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Fadia Faqir, writer and independent scholar

Fadia Faqir is a Jordanian/British writer, independent scholar and defender of human rights. Her first novel, Nisanit, was published by Penguin in 1990 and is currently being translated into Arabic. Her second novel, Pillars of Salt, was published by Quartet Books in 1996, and was translated into German, Dutch and Danish. The Danish translation was the runner up for the ALOA literary award 2001. She is the editor and co-translator of In the House of Silence: Autobiographical essays by Arab women writers, Garnet Publishing, 1998, translated into Turkish. Her third novel, My Name is Salma, was published by Transworld and was translated into thirteen languages. http://www.awsa.net/literature/fadiafaqir.html/


Richard Hanson, photographer

Richard Hanson was born in Hull, England in 1968, and grew up in Newcastle. He studied engineering in Leeds, but spent more time in the darkroom than hunched over the drawing board. In 1992 he spent a year in Tanzania with tearfund, as an engineer, and when he returned to the UK, they took him on as a photographer. Over the next eight years, he reported from over 30 countries, from war zones, like Sierra leone, Liberia, Rwanda, and Sudan, as well as many very poor but more peaceful countries, including Mali, Bangladesh, Eritrea, and Cambodia. In 2000 Richard moved to Sheffield, UK, and spent two years working for a national press agency, covering hard news, PR and features. In 2002, he went freelance and has since worked all over the North of England for national papers, across the UK for national charities, and traveled widely for international NGOs.  http://www.hansonphoto.co.uk/


Lindsey Moore, Lecturer, Department of English & Creative Writing

Lindsey works in the field of postcolonial studies, with a particular focus on women's writing, film, and visual media. Her first book, Arab, Muslim, Woman: Voice and Vision in Postcolonial Literature and Film (Routledge, May 2008) discusses a wide range of Arab women's literary and visual texts in English, French and translation from Arabic, using the postcolonial as a frame to problematise feminism and nationalism as well as monolingual and single disciplinary frameworks. She has wider interests in postcolonial, particularly South Asian and British-Asian, literatures, and is beginning research on a new project entitled 'Modernism at the Margins'. With Graham Mort, she was the co-organiser of the Trans-Scriptions series.  http://www.lancs.ac.uk/fass/english/profiles/526/


Graham Mort, Senior Lecturer, Department of English & Creative Writing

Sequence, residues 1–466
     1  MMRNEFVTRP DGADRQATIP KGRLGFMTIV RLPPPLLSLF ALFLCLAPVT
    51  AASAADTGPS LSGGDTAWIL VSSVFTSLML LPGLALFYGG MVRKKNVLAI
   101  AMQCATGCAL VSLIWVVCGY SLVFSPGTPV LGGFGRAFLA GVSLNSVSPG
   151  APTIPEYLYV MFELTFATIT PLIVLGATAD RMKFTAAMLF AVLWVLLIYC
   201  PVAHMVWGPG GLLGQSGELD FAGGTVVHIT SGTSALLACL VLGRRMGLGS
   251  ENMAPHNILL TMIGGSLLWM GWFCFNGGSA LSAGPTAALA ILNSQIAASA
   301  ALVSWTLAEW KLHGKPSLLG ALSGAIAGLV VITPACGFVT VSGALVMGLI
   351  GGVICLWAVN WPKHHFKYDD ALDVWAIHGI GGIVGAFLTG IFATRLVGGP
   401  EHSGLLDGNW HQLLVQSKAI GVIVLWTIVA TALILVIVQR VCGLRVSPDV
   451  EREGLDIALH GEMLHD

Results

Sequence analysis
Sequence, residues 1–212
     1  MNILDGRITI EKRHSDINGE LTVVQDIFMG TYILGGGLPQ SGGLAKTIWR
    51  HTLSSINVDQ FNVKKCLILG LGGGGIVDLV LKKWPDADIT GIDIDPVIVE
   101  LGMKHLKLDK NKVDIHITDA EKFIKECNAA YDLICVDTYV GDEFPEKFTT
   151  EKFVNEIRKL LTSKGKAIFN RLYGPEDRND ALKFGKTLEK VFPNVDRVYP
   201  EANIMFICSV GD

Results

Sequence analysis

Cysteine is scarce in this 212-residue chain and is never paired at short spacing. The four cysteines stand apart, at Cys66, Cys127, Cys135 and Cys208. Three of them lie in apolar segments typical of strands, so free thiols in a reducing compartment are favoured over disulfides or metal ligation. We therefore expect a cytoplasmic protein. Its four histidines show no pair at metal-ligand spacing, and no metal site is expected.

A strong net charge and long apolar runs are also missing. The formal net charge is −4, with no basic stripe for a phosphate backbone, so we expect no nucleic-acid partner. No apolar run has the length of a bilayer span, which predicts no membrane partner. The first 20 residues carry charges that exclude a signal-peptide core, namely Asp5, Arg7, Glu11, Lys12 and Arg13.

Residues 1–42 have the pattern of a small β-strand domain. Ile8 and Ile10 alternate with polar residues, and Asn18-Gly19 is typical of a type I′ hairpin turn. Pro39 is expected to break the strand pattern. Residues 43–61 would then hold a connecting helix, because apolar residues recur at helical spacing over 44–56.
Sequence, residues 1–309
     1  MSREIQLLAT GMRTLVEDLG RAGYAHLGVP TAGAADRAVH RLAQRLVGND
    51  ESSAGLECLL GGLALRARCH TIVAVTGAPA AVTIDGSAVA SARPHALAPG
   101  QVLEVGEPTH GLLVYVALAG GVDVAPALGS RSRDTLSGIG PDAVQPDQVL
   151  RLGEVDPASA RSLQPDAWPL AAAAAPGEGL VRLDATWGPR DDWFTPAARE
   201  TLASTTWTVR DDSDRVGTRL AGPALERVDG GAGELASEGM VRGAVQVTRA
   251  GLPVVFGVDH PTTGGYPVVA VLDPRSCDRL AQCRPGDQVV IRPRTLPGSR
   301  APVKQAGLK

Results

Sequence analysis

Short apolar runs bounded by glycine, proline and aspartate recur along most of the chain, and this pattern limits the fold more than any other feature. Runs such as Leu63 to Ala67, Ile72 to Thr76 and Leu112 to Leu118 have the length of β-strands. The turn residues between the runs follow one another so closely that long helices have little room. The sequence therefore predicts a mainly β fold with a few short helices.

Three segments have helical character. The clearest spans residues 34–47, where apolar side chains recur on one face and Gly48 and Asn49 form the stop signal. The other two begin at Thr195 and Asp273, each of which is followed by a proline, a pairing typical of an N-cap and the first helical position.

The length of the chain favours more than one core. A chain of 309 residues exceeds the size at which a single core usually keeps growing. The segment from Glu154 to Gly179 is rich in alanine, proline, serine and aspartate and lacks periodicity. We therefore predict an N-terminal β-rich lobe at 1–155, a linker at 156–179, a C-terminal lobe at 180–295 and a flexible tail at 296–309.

Graham is a distance learning specialist and designed and ran the British Council Crossing Borders mentoring scheme for African writers (2001-2006).  He was the UK adviser and designer for the British Council Beyond Borders literature festival (Kampala 2005), designed and piloted Radiophonics, a new British Council radio-writing project in East/West Africa, and was a co-applicant on Moving Manchester. Other academic research has focused on emergent African writing, eLearning and the pedagogy of Creative Writing. He has published seven collections of poetry and also writes short fiction and radio drama.


Emma Rose, Deputy Director, Lica

Emma Rose's paintings and drawings aim to reinvent the physical world, to rearrange it in ways that come close to our visual experience, where the real and the abstract collide. As modern consumers, used to television, advertising and film, we have become accustomed to a complexity of imagery and image manipulation unknown to previous generations. Traditional disciplines such as painting and drawing can be substantially enriched by these possibilities and through them, reach a wider audience and help develop and expand our perception of what we look at. http://www.lancs.ac.uk/fass/lica/profiles/Emma-Rose/


Lee Horsley, Reader in Literature and Culture, Department of English & Creative Writing

Lee has worked increasingly in recent years on web design and eLearning in relation to creative writing pedagogy and interdisciplinary, transcultural uses of virtual space.  Her research work focuses on crime fiction as a vehicle for counter-cultural protest and socio-political critique (The Noir Thriller, 2001; Twentieth-Century Crime Fiction, 2005); she is co-editing The Blackwell Companion to Crime Fiction, which is both cross-cultural in content and cross-disciplinary in its arguments, drawing in the diverse disciplinary affiliations of crime fiction study. http://www.lancs.ac.uk/fass/english/profiles/114/


Kate Horsley, Web Designer, Department of English & Creative Writing

Kate has been working as a research associate and web designer for transculturalwriting.com and is a tutor in part 1 & 2 creative writing at Lancaster. She has has taught literature and writing on both sides of the Atlantic and has recently returned from a volunteer teaching stint in Uganda. Her short stories have been published by Storyglossia and Momaya Press and she is currently working on a gothic thriller set in 19th century Edinburgh. She has worked as Researcher for the Radiophonics project, and has also organised Online Prose and Poetry Workshops on Crossing Borders. http://www.lancs.ac.uk/fass/english/profiles/Kate-Horsley/